J. P. "BIG BOPPER" RICHARDSON - AUTOGRAPHED INSCRIBED PHOTOGRAPH - HFSID 350527
Sale Price $7,225.00
J.P. RICHARDSON [THE BIG BOPPER]
Scarce photograph of the 1950s Rock 'N' Roller
Rare Photograph inscribed and signed: "To / Reg - / Thanks / for the wonderful / hospitality / Big / Bopper". B/w, 6¾ x 8½. Publicity photograph by Van Dyck Studio, Beaumont (imprint at lower left edge). Ink lightly beaded (completely legible). Minor surface creases (most not evident head on) at background. Fine condition. Framed, not by the Gallery of History: 15¼x17¾. Not reviewed by us for conservation integrity. Mat has separated from frame, resulting in the photograph not being flush with glass. Frame is scratched and chipped, backing paper is torn at upper portion. "As is" framing.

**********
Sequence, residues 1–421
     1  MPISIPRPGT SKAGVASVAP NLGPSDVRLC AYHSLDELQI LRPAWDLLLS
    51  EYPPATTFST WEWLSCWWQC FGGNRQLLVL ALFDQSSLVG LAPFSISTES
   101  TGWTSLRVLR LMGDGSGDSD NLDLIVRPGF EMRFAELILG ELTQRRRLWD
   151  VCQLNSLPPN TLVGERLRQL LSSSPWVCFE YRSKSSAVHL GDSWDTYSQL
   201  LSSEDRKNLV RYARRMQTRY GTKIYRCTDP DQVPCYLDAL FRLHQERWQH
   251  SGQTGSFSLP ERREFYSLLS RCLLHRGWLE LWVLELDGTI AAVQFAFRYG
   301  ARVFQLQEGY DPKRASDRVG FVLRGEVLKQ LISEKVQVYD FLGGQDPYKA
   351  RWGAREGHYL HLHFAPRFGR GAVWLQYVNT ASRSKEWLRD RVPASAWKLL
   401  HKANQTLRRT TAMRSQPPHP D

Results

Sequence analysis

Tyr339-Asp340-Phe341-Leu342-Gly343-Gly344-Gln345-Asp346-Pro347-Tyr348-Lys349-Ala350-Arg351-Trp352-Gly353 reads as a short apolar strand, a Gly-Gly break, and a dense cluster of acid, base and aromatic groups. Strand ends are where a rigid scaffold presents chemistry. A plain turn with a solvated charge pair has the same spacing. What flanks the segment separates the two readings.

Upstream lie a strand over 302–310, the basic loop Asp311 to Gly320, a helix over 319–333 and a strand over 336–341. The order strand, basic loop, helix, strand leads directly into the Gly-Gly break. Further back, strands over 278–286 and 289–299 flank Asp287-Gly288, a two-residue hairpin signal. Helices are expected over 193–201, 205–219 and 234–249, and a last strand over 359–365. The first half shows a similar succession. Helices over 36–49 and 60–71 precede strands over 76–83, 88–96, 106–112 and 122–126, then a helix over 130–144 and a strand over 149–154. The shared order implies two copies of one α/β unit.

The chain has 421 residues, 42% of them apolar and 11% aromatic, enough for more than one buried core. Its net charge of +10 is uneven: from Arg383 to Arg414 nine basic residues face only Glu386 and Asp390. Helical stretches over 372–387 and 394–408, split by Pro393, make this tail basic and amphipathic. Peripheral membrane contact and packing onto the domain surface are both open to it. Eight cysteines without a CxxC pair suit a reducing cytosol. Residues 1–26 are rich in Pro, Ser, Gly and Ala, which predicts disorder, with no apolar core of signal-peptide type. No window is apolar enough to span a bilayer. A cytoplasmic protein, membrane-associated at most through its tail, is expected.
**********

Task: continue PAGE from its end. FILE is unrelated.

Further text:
Jiles Perry Richardson (1930-1959) was a Texas disc jockey who called himself "The Big Bopper" after the latest dance craze, the bop. His song, "Chantilly Lace", which he wrote and sang, reached the "Top Ten" in 1958. In January 1959, The Big Bopper was booked on the Winter Dance Party tour that would cover most of the Midwest. The tour included such headliners as Buddy Holly, Dion and the Belmonts, Waylon Jennings and Ritchie Valens. As the bus pulled into Clear Lake, Iowa for their February 2nd performance, Holly made arrangements to charter a plane to fly him and two of his band members to the next gig in Fargo, North Dakota. The Big Bopper and Valens had bad colds and Richardson wanted to fly to Fargo so that he would have time to see a doctor. He asked Waylon Jennings if he would give up his seat and Jennings agreed. Valens asked backup musician and former Cricket Tommy Allsup for his seat, and the two decided to flip a coin to see who would take the plane (Valens called "heads" and won the toss). Allsup later opened a club named The Head's Up Saloon, a tribute to the coin toss that saved his life. The plane took off from the airport at around 1:00 a.m. on February 3, 1959. It made it into the dark snowy night but plummeted to the ground about five miles from the airport. There were no survivors. The shock felt throughout the music world at this tragic loss is echoed in Don McLean's song, "American Pie", as "the day the music died".
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